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What does Virginia consider to be a material change in circumstance in a custody case?

Hampton, VA |

My ex & I current have joint legal/ physical custody w/him having residency for school purposes only.We switch every other week.Last yr due to the divorce, I was unemployed,in foreclosure, etc.I'm now full time employee, college graduate (B.A.),own stable residence. My 6 yr old has told the counselor about her dad burning her with cigarette in several places and telling her to lie about it (reported to DSS)The teacher has notice a change in her social behavior.The school n my district is superior bc its a magnet school.I'm more of an active parent, he isnt. He is a FT employee &student.He goes to school 3 nights/wk, 1 of which is his mid-week visitation with his child.Hes "on-call" at work a lot. Our child is often at daycare or with his parents.Whats my chances of gaining primary custody?

Attorney Answers 2

Posted

There is no hard and fast, birght-line rule as to what constitutes a material change in circumstances warranting modification.

If all or most of the circumstances that you have described in your question are new (i.e., did not already exist and/or where not anticipated/foreseeable at the time that current custody order was entered), then it sounds like you have a very reasonable argument to make that circumstances have changed in some material ways since the custody order was entered. Whether that will result in you gaining primary custody or not depends upon whether you can show/persuade the court that this change "warrants" modification and that giving you primary custody is in the best interests of the child.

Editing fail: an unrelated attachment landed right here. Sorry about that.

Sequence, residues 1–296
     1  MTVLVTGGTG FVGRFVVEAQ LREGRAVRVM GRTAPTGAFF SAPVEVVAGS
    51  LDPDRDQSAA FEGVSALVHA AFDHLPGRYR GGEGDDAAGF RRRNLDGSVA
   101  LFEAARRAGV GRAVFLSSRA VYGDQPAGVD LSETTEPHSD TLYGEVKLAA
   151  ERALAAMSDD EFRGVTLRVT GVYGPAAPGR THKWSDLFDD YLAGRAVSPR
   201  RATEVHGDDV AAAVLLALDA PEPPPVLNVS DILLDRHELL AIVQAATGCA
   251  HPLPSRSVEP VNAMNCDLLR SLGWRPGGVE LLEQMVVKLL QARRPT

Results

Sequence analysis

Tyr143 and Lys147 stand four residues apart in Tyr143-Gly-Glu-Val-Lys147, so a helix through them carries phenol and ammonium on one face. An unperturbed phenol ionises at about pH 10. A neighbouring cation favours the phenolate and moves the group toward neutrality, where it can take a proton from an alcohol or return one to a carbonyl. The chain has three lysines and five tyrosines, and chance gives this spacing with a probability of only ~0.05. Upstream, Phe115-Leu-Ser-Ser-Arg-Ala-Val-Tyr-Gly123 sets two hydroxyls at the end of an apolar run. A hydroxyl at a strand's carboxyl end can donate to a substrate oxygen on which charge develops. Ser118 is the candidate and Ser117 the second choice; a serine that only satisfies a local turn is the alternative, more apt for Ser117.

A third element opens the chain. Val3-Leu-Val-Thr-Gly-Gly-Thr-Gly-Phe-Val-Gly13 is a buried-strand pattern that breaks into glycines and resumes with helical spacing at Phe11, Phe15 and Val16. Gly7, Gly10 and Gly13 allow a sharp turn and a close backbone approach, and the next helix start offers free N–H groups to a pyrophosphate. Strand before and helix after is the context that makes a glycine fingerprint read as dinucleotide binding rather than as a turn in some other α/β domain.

The requirement to sufficiently allege a material change of circumstance is primarily to prevent a parent who is not happy with the outcome of their custody case from returning to court over and over again in an attempt to relitigate the same old issues or facts and/or to make an end-run around the time requirements for properly appealing a custody decision. The changes that you mention in your question are substantive, not trivial. Once you present the facts at trial to support that these alleged changes have occurred, your primary focus will need to be on showing that the factors listed in Section 20-124.3 of the Va. Code support a finding that it is in the child's best interest for you to be primary custodian.

You will need to prove your case by providing admissible evidence (including documents and witnesses) to the court to substantiate your position. This may include the school counselor, CPS reports (which, in and of themselves, are not going to just be accepted into evidence), possibly his employer (if he disputes your assertions about his work schedule), etc. Accordingly, it would be extremely helpful for you to have an attorney represent you in your case (the attorney should know the rules of evidence and how to conduct aggressive pre-trial discovery, as well as securing the witnesses, getting around non-discloure issues, requesting an IPE if necessary, requesting a GAL be appointed, etc.).

This response does not create an attorney-client relationship and is intended for general information purposes only.

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Asker

Posted